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Movie Review: 'Money Monster' Will Have One Question Who Real Monsters Are

by Todd A. Smith


Kyle Budwell (Jack O’Connell) takes TV host Lee Gates (George Clooney) hostage in TriStar Pictures’ “Money Monster” (Photo Credit: Atsushi Nishijma/Sony Pictures Entertainment Inc.).



Feel His Pain 




The type of story behind “Money Monster” has appeared on the screen before.

On the sitcom “Martin,” Big Red (Hawthorne James) from “The Five Heartbeats” held Martin Lawrence’s talk show “Word on the Street” hostage with a bomb and a grenade until Cole (Carl Anthony Payne II) found Big Red’s old lady (Shirley Hemphill) and got her back to him.

But while there is comedy in “Money Monster,” the real life stress that can cause a person to snap in life is treated with so much empathy and understanding that one feels just as bad for the kidnapper as the hostages.

On Lee Gates’ (George Clooney) television show “Money Monster,” he dispenses stock market tips to his dedicated followers.

He guarantees success with his stock tips and does it with an unusual swagger, which includes bad dance moves and a couple of Fly Girl dancers like “In Living Color” back in the day.

However, the only guarantee in regards to Lee is that he only cares about himself and not his legion of fans or the women in his life, inappropriately flirting with all of the women on the crew of “Money Monster.”

But when Kyle Budwell (Jack O’Connell) takes his advice to heart and puts his life savings of $60,000 into stock for the company IBIS, he is devastated when the stock loses $800 million in one day.

Lee had informed his viewers that their money was safer with IBIS than in a savings account.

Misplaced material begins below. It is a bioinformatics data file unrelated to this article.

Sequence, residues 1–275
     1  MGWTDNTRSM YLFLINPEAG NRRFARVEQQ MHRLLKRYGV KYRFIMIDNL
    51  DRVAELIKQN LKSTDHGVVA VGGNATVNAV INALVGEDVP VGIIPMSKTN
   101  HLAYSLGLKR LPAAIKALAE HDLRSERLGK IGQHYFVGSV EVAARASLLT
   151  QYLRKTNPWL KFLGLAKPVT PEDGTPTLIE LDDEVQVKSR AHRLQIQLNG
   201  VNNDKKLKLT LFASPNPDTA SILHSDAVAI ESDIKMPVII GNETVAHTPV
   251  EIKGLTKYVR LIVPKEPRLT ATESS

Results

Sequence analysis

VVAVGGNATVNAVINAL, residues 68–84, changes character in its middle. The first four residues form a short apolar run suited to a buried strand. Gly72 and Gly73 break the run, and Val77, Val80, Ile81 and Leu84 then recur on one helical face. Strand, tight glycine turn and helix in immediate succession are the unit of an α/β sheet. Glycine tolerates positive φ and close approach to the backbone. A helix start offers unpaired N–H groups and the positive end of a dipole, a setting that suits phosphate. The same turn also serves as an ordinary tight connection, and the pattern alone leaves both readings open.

Unfortunately, a glitch in IBIS’ algorithm leads to the crash of that stock and ultimately a crash for Lee’s future.

To make matters worse, Kyle just buried his mother six months earlier and put all of his inheritance into IBIS in order to provide a financially secure future for his family.

During a taping of the show “Money Monster,” Kyle somehow manages to make it past security onto the studio floor during the live taping.

He has a gun in one hand, and a detonator to a bomb in the other.

Kyle forces Lee to put the bomb on as a vest and allow him to air his grievances to a national television audience.

The troubled young man wants answers as to how IBIS could lose all of his money and nobody is held accountable.

If Kyle does not get what he wants, he has no trouble ending his live and everyone at the FNN television studio on live broadcast television.

“Money Monster” is one of the rare movies that makes one cheer for the so-called bad guy and not the so-called good guys.

That is because in life good and bad depends on the situation and everybody has buttons that can be pushed that forces them over the edge.

Kyle only wants to do right for his family.

To society, he is probably invisible and “unsuccessful” because he only makes $14 an hour and can barely feed his family.

He is still grieving the loss of his mother and he has to live with the fact that he lost her life’s savings because he took stock advice from someone admired enough to have his own show on making money.

When “regular” people like Kyle lose everything, the people responsible sometimes end up getting rewarded for their bad business dealings.

The pain in O’Connell’s face throughout the film is palpable.

Clooney does his usual solid work but he should never dance on or off camera again in life.

His acting is good.  His dancing, however, is atrocious.

However, the star is O’Connell.

Although this story has been told on screen before, moviegoers get to feel Kyle’s pain in a way that does not condone his actions.


But it makes people feel and understand his pain and hope for the best outcome for his future.






This article was published on Friday 13 May, 2016.
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